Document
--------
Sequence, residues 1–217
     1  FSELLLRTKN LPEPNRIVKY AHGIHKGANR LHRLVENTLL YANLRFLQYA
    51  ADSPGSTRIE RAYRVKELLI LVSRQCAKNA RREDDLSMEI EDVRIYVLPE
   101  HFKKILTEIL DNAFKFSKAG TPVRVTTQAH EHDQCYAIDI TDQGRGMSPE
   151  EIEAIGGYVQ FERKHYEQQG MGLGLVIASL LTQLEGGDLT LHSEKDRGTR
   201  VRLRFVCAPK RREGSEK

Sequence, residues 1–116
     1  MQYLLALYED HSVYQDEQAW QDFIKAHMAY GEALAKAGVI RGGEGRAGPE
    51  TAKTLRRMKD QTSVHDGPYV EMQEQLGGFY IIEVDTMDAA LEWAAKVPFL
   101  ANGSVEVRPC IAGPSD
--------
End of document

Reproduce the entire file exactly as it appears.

Sequence, residues 1–217
     1  FSELLLRTKN LPEPNRIVKY AHGIHKGANR LHRLVENTLL YANLRFLQYA
    51  ADSPGSTRIE RAYRVKELLI LVSRQCAKNA RREDDLSMEI EDVRIYVLPE
   101  HFKKILTEIL DNAFKFSKAG TPVRVTTQAH EHDQCYAIDI TDQGRGMSPE
   151  EIEAIGGYVQ FERKHYEQQG MGLGLVIASL LTQLEGGDLT LHSEKDRGTR
   201  VRLRFVCAPK RREGSEK

Sequence, residues 1–116
     1  MQYLLALYED HSVYQDEQAW QDFIKAHMAY GEALAKAGVI RGGEGRAGPE
    51  TAKTLRRMKD QTSVHDGPYV EMQEQLGGFY IIEVDTMDAA LEWAAKVPFL
   101  ANGSVEVRPC IAGPSD